In September, this decentralized exchange (DEX) overtook Coinbase in trading volume:
A) UniswapB) AaveC) CompoundD) Both A and B Scroll down for the answer.
Ranking and September Winners and Losers
2020 Top 10 Rank Lots of movement this month: six out of the Top Ten changed positions in September. BCH climbed one from #6 to #5 and BNB made a big move from #10 to #6. Going the opposite direction were BSV, EOS, and Tezos, dropping one, two, and four places respectively. The big story though, at least for anyone who’s been watching crypto for a while, was the ejection of Litecoin from the Top Ten. In just 30 days, LTC fell five places from #7 to #12. For some context, Litecoin’s absence from the Top Ten is a Top Ten Experiment first. It is also the first time since CoinMarketCap has tracked crypto rankings that Litecoin has not has not held a spot in the Top Ten. Drop outs: after nine months of the experiment, 30% of the cryptos that started 2020 in the Top Ten have dropped out. LTC, EOS, and Tezos have been replaced by ADA,LINK, and most recently, DOT. September Winners – Winner, singular: BNB was the only crypto to finish in the green, finished up +25% for the month, and gained four places in the rankings. A very good month for Binance Coin. September Losers – Tezos was the worst performing crypto of the 2020 Top Ten portfolio, losing nearly a third of its value, down -31% for the month. LTC also had a bad month, losing -24% and dropping out of the Top Ten. Since COVID-19 has hammered the sporting world, let’s be overly competitive and pit these cryptos against each other, shall we? Here’s a table showing which cryptos have the most monthly wins and losses nine months into the 2020 Top Ten Crypto Index Fund Experiment: Wins/Losses ETH is in the lead three monthly Ws, followed by Tether and Tezos with two wins each. Even though it is up +79% since January 1st, 2020, BSV has the most monthly losses: it has been the worst performing crypto of the group four out of the first nine months in 2020.
Overall update – ETH maintains strong lead, followed by BNB. 100% of Top Ten are in positive territory.
Ethereum remains firmly in the lead, up +187% on the year. Thanks to a strong month for BNB and a weak month for Tezos,Binance Coin has overtaken XTZ for second place, and is now up +109% in 2020. Discounting Tether (no offense Big-T), EOS (+4%) is the worst performing cryptocurrency of the 2020 Top Ten Portfolio. 100% of the cryptos in this group are in positive territory.
Total Market Cap for the cryptocurrency sector:
The overall crypto market lost about $35B in September, ending the month up +85% since the beginning of this year’s experiment in January 2020. Despite a rough month, this is the second highest month-end level since the 2020 Top Ten Experiment started nine months ago.
Monthly BitDom - 2020 BitDom ticked up slightly this month, but is still lower than it has been for most of the year. As always, a low BitDom reflects a greater appetite for altcoins. For context, the BitDom range since the beginning of the experiment in January 2020 has been roughly between 57% and 68%.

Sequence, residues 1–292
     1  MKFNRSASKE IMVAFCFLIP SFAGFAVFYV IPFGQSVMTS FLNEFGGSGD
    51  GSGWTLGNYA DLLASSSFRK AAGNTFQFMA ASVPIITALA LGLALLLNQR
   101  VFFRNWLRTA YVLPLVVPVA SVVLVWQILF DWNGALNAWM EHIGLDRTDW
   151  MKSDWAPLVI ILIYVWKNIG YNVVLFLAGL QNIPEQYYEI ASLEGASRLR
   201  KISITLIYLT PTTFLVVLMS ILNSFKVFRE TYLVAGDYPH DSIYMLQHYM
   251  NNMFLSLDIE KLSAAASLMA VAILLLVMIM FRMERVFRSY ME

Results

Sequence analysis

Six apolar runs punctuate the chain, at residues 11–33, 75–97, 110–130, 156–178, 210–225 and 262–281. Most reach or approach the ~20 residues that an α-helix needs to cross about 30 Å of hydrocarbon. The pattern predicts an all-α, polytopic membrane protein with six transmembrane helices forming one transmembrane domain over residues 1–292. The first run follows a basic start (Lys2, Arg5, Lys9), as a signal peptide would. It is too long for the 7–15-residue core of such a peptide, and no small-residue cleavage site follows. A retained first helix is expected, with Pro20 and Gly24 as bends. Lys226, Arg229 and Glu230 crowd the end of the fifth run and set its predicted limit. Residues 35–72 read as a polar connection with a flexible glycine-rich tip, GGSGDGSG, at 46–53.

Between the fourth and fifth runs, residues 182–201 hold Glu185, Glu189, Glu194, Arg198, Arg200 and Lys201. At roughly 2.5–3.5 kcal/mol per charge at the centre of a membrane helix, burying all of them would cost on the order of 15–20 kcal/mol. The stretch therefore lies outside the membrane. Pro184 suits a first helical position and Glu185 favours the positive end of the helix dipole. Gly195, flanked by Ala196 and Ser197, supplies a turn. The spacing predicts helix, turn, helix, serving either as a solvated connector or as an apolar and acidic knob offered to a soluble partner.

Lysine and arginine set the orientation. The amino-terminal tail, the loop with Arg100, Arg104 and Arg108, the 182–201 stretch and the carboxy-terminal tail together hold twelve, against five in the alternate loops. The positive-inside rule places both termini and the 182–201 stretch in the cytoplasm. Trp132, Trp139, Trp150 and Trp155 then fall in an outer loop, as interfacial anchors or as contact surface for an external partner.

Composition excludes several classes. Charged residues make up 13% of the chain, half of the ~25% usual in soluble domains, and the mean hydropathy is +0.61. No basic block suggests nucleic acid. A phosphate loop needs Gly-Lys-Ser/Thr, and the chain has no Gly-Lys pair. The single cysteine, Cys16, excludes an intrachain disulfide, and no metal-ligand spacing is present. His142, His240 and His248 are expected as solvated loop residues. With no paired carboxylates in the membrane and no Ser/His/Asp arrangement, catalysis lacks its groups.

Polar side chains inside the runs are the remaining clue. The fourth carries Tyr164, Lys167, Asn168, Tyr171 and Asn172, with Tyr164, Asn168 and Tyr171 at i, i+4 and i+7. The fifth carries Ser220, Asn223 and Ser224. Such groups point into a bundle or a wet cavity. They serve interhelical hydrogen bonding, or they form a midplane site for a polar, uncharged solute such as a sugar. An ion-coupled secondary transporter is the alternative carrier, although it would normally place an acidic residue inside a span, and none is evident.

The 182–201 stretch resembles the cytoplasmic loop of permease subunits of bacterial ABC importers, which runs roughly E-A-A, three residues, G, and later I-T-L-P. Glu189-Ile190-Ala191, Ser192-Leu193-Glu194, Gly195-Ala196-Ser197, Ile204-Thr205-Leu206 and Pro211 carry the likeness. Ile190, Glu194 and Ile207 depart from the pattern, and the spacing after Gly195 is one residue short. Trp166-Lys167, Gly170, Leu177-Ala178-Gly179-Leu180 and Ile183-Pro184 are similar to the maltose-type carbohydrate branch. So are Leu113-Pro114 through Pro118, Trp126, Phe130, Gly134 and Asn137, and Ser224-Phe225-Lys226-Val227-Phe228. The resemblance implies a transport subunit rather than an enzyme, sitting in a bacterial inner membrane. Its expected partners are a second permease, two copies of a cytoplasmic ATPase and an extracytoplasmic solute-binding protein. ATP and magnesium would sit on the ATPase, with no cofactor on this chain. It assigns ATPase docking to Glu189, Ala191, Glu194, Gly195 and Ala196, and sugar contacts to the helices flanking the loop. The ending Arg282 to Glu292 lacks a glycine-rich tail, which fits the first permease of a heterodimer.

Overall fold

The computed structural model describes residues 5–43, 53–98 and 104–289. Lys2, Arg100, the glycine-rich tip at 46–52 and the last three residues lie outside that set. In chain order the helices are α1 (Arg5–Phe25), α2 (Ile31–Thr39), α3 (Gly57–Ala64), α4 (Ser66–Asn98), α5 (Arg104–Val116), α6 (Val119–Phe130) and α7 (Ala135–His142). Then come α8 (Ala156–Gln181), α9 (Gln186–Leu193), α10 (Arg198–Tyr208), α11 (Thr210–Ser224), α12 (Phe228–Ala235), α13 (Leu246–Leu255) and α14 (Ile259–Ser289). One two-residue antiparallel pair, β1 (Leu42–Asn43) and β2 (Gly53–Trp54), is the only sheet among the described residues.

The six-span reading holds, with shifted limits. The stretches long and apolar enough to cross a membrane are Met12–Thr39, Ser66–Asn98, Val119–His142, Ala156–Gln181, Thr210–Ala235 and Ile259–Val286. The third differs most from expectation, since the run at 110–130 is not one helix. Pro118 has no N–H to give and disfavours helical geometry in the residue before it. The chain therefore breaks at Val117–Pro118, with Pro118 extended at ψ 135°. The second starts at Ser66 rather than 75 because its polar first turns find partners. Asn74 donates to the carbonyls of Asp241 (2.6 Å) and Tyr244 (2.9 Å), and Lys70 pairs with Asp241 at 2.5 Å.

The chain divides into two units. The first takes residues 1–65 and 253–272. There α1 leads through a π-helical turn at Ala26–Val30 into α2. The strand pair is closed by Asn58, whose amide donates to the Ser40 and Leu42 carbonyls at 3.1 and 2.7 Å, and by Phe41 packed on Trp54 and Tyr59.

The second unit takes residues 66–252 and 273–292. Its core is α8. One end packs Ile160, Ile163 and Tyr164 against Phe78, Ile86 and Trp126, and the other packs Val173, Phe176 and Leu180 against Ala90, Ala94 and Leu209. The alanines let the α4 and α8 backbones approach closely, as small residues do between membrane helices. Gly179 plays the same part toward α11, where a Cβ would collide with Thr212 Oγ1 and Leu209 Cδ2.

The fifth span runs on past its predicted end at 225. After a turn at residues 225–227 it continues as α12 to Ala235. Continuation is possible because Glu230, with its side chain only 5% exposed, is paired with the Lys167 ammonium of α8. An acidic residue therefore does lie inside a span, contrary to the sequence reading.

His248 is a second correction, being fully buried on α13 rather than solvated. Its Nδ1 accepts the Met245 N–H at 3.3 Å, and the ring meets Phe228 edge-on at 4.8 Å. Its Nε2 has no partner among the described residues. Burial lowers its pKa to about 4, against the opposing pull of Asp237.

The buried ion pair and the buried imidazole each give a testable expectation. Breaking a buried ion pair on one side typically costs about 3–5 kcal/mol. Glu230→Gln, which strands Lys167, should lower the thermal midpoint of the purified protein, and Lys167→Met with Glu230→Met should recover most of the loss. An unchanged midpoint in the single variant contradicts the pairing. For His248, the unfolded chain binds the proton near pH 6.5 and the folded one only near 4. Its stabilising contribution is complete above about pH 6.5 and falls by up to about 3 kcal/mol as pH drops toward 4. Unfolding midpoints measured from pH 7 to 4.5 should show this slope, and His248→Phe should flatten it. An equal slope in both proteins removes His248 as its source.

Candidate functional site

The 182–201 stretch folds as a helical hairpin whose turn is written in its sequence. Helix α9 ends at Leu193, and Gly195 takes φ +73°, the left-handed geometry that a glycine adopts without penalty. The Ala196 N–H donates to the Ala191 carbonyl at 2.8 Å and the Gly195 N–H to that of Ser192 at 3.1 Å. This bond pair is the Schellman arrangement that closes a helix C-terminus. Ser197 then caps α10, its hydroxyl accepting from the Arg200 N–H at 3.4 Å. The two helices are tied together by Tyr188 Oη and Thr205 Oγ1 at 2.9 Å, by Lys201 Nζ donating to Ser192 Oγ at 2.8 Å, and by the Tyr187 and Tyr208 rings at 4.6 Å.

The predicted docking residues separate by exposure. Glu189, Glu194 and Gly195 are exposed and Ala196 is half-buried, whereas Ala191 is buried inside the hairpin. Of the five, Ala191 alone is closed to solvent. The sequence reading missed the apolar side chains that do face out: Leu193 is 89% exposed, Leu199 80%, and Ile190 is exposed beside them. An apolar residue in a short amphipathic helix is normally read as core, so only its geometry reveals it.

Overall return on investment since January 1st, 2020:
After an initial $1000 investment on January 1st, the 2020 Top Ten Portfolio is now worth $1,536, up +56%. This is the best performing of the three Top Ten Crypto Index Fund Portfolios, but not by much: the 2019 Top Ten came in at +54% in September. Here’s the month by month ROI of the 2020 Top Ten Experiment, hopefully helpful to maintain perspective and provide an overview as we go along: Monthly ROI - 2020 Top Ten Even during the zombie apocalypse blip in March, the 2020 Top Ten has managed to end every month so far in the green (for a mirror image, check out the all red table you’ll find in the 2018 experiment). The range of monthly ROI for the 2020 Top Ten has been between a low of +7% in March and high of +83% in August. So, how does the 2020 Top Ten Experiment compare to the parallel projects?
Taken together, here’s the bottom bottom bottom line for the three portfolios: After a $3000 investment in the 2018, 2019, and 2020 Top Ten Cryptocurrencies, the combined portfolios are worth $3,340 ($238+ $1,538 +$1,564). That’s up about +11% for the three combined portfolios, compared to +31% last month. Here’s a table to help visualize the progress of the combined portfolios: Combined ROI - UP +11% That’s a +11% gain by buying $1k of the cryptos that happened to be in the Top Ten on January 1st, 2018, 2019, and 2020. But what if I’d gone all in on only one Top Ten crypto for the past three years? While many have come and gone over the life of the experiment, five cryptos have started in Top Ten for all three years: BTC, ETH, XRP, BCH, and LTC (Big L, no pressure, but if you don’t claw yourself back in the Top Ten by January 2021, you’re out of the club). Let’s take a look: Three Year Club At this point in the Experiments, Ethereum (+104%) would have easily returned the most, followed by BTC (+77%). On the other hand, following this approach with XRP, I would have been down nearly a third at -31%. So that’s the Top Ten Crypto Index Fund Experiments snapshot. Let’s take a look at how traditional markets are doing.